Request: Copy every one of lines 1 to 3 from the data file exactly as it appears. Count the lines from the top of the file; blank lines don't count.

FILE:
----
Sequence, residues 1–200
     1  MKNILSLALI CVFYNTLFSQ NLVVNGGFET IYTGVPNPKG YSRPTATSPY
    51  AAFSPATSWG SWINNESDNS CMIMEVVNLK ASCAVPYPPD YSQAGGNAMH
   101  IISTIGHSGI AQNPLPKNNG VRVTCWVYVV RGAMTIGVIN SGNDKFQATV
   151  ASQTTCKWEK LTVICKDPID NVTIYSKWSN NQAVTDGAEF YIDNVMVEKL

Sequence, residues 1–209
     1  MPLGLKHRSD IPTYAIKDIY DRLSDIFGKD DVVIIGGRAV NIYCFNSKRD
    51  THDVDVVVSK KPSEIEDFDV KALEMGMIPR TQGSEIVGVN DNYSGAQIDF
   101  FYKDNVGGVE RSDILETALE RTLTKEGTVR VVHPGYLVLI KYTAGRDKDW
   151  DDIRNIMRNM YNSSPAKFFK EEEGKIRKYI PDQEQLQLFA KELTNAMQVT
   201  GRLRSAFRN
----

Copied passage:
Sequence, residues 1–200
     1  MKNILSLALI CVFYNTLFSQ NLVVNGGFET IYTGVPNPKG YSRPTATSPY
    51  AAFSPATSWG SWINNESDNS CMIMEVVNLK ASCAVPYPPD YSQAGGNAMH